If President Barack Obama was hoping that his scolding of Republican lawmakers on Wednesday would spur action to the stalled debt talks, the GOP response made clear that the gulf between the two sides is larger than ever.
Democrats are demanding tax hikes via closing loop-holes for certain corporations and upper-income Americans, including oil/energy companies and owners of corporate-class jets, as part of the deal to increase the amount the nation can borrow by an Aug. 2 deadline; the Republicans categorically refuse. And the GOP didn't take too kindly to the president comparing them to his two children, whom he says don't wait until the last minute to finish their homework.
House Speaker John Boehner, R-Ohio, said the president's remarks at his first full-blown news conference since March ignore legislative and economic reality and demonstrate remarkable irony.
His administration has been burying our kids and grandkids in new debt and offered no plan to rein in spending, Boehner said in a written statement. Republicans have been leading and offering solutions to put the brakes on this spending binge. The president has been AWOL from the debate.
Boehner also insisted that a bill increasing taxes and the amount the nation can borrow will not pass the GOP-led House.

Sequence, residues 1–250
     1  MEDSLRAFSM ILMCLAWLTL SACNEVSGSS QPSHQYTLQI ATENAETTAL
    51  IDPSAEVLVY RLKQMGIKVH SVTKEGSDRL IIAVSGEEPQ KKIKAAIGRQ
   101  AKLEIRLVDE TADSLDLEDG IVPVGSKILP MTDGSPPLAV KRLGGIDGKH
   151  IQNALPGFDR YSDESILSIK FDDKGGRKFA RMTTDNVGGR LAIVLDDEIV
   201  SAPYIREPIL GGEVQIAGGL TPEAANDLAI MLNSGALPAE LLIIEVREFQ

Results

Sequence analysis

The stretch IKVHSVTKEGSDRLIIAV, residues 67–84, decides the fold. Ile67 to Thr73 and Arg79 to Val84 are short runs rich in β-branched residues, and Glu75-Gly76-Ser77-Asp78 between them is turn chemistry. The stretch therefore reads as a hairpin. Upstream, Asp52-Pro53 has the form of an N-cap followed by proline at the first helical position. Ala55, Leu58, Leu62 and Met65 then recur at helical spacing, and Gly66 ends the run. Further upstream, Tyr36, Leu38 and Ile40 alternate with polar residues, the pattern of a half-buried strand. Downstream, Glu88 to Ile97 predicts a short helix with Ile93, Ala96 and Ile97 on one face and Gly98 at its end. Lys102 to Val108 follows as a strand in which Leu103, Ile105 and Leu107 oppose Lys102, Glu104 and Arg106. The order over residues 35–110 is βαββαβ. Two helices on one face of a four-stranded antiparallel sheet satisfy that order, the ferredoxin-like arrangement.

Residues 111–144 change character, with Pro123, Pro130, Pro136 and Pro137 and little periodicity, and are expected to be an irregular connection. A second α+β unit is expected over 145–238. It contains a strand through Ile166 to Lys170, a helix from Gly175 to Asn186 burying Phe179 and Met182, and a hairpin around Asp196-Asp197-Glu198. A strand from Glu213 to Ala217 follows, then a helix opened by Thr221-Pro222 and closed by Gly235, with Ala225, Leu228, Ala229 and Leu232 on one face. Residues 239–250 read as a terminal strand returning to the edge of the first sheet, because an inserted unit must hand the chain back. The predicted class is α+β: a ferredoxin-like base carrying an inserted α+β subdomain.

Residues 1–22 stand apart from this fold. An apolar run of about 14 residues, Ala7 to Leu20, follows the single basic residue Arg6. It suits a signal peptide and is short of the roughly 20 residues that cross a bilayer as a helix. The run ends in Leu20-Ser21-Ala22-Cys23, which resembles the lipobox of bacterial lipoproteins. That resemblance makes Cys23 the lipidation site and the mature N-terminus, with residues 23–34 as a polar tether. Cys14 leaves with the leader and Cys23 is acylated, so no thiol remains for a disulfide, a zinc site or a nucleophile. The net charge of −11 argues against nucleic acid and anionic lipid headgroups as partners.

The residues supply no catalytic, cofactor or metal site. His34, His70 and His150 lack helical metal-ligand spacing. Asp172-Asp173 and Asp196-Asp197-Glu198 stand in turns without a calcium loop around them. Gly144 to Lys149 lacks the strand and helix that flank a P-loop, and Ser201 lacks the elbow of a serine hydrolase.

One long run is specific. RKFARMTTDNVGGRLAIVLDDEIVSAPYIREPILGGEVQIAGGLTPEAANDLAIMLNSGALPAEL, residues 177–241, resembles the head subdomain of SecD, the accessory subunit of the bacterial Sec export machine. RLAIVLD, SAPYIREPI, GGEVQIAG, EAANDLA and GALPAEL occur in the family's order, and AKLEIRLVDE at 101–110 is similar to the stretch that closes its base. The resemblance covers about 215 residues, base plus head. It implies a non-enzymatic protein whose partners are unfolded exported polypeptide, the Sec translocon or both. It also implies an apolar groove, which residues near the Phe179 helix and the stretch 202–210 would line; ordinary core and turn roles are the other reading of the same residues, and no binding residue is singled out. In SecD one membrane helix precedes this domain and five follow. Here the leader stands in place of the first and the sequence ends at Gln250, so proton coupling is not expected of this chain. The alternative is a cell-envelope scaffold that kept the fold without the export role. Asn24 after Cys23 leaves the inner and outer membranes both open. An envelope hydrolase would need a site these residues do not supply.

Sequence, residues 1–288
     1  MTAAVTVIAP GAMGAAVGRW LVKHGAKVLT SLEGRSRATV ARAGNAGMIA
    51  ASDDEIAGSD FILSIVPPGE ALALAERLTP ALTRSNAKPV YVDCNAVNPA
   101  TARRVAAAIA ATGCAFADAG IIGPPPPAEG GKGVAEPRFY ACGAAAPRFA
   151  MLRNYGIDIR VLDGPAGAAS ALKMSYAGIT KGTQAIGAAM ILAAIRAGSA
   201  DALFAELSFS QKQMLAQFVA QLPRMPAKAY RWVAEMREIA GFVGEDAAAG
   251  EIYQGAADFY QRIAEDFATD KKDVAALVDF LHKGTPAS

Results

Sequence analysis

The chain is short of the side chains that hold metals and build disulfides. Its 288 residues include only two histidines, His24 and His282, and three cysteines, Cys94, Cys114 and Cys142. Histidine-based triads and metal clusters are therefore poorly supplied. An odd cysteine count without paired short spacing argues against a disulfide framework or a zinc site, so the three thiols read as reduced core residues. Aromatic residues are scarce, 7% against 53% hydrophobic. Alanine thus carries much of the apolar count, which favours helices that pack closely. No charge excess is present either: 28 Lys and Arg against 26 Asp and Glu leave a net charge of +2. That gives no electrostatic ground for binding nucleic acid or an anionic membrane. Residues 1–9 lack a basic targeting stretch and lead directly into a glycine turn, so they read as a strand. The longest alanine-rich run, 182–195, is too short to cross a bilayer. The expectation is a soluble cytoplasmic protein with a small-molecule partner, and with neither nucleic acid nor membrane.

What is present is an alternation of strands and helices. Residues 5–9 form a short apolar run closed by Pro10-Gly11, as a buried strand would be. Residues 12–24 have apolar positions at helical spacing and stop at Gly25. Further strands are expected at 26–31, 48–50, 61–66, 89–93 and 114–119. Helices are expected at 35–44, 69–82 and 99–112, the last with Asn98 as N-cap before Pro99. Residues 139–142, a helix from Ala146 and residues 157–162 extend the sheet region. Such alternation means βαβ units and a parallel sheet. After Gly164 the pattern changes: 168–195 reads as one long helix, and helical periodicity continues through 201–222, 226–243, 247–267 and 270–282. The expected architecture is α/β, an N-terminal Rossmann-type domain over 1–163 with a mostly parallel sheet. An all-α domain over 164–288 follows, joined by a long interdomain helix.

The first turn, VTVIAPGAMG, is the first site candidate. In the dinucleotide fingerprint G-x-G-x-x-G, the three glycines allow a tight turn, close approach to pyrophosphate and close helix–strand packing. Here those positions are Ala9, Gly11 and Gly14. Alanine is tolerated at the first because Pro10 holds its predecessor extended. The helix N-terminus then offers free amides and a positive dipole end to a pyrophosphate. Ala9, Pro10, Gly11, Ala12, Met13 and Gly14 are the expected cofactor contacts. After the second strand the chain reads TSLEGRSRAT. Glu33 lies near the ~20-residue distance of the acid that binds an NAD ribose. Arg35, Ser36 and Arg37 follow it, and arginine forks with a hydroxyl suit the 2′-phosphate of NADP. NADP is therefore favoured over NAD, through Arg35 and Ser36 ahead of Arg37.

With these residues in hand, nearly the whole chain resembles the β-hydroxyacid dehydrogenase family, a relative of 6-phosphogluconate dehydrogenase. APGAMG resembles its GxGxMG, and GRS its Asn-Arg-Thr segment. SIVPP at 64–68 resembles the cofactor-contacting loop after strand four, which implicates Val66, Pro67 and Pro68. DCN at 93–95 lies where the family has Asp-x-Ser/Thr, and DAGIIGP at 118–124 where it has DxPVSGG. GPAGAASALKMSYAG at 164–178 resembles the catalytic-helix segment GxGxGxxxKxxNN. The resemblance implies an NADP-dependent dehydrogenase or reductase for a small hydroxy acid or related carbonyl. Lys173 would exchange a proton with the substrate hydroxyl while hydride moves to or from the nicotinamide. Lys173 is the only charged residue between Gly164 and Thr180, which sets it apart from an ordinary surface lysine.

The votes simply aren't there - and they aren't going to be there, because the American people know tax hikes destroy jobs, he said. They also know Washington has been on a spending binge for many years, and they will only tolerate a debt limit increase if we stop it.
In the news conference, Obama seemed to portray the ongoing debate as a class struggle, with Republicans acting as guardians of the rich by refusing to consider ending tax breaks for corporate jets or oil companies, while Democrats are seeking to protect vulnerable children from drastic cuts to programs that will invest in their future, Fox News reported.
If we choose to keep those tax breaks for millionaires and billionaires, if we choose to keep a tax break for corporate jet owners, if we choose to keep tax breaks for oil and gas companies that are making hundreds of billions of dollars, then that means we've got to cut some kids of from getting a college scholarship, that means we've got to stop funding certain grants for medical research, that means that food safety may be compromised, that means that Medicare has to bear a greater part of the burden, he said.
The president also took aim at the frequent recesses that Congress takes.
There are bills that Congress ran up, he said. The money's been spent. The obligations have been made. You stay here. Let's get it done.
Nevertheless, Republican leaders remain skeptical about the Aug. 2 deadline that U.S. Treasury Secretary Timothy Geithner set in May when the nation hit its $14.3 trillion debt limit. Geithner said the U.S. Treasury could perform accounting maneuvers until Aug. 2 before the nation risked defaulting on its debt for the first time.
Sen. Bob Corker, R-Tenn., told Fox News that Wall Street folks have told him the deadline is closer to Aug. 22. He also said he believes Geithner will soon tell the American people that Aug.2 is an arbitrary deadline.